In presentations, I occasionally use the O.J. Simpson murder trial as an example of how our mind creates meaning through mental shortcuts. In closing arguments Simpson’s attorney, Johnnie Cochrane, famously declared to the jury, “If it doesn’t fit, you must acquit.”
Whether Cochrane knew it at the time or not, there is actually a large body of research that suggests that phrases that rhyme are deemed more credible than similar phrases that don’t – in one study rhyming statements were judged as 22% more accurate than their non-rhyming counterparts. So if Cochrane had said, “If he can’t get the glove on his hand, you must acquit,” that statement would not have been nearly as memorable, and likely not as persuasive. (This is actually part of an academic field of study, cognitive poetics.)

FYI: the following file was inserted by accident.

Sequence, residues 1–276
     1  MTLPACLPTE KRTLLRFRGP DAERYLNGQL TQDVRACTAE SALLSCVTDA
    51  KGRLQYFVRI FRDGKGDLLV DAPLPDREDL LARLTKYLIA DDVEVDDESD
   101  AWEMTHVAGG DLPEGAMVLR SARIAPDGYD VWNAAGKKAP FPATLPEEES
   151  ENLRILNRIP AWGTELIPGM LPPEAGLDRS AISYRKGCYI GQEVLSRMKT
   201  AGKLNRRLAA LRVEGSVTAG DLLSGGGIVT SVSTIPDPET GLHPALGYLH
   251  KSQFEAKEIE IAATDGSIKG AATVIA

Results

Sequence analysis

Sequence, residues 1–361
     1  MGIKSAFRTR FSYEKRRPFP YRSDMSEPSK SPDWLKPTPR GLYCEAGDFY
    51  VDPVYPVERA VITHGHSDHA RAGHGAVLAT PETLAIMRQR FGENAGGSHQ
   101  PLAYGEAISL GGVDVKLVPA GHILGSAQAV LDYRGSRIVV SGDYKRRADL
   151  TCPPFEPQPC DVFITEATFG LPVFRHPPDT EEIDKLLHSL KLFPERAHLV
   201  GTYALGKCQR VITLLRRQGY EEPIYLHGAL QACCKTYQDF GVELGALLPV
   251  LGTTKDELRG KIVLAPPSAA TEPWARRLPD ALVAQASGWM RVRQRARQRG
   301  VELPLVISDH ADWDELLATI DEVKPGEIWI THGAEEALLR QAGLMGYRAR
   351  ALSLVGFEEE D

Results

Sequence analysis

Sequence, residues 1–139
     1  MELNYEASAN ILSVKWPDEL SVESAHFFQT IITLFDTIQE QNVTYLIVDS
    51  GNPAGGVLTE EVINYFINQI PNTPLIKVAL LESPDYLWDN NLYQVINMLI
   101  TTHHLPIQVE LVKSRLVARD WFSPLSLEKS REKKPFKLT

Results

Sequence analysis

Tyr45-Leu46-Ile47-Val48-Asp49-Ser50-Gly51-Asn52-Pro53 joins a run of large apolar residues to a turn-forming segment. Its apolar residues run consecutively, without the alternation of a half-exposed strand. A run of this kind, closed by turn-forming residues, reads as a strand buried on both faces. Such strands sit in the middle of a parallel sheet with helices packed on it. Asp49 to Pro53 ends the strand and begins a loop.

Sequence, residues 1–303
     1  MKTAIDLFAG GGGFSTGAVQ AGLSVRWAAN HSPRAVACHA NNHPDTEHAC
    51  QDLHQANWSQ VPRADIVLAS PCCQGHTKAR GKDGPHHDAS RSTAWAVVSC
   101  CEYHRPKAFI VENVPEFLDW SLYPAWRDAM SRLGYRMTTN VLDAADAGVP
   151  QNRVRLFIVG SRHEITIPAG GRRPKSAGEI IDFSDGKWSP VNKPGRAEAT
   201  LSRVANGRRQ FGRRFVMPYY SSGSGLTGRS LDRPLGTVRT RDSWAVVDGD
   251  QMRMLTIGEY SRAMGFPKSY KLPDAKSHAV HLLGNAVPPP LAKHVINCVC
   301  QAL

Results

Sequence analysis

Thanks to OZ's Randy Adis for sharing this article about the use of rhyme in advertising. It is diminishing, despite its potential power.
The authors claim this is because clients and agencies aren’t thinking about advertising in the right way:
"I think it depends on what end of the process you start from: Broadcast or Receive. If you start from the “Broadcast” end you start with what you want to say. You then execute that in a way that pleases you. You then sit back and wait for the response from the audience. If you start from the “Receive” end you start with the person you want to reach. They will be on the end of about 2K advertising messages a day. Most of it they automatically just block out, so it’s invisible. So the brief is how to break through into their mind and become one of the very few they notice and remember."
The authors suggest that rhyming, alliteration, and assonance (repetition of vowel sounds in nearby words, like “The crumbling thunder of the seas”) will increase the odds of an ad being noticed in such a crowded marketing landscape.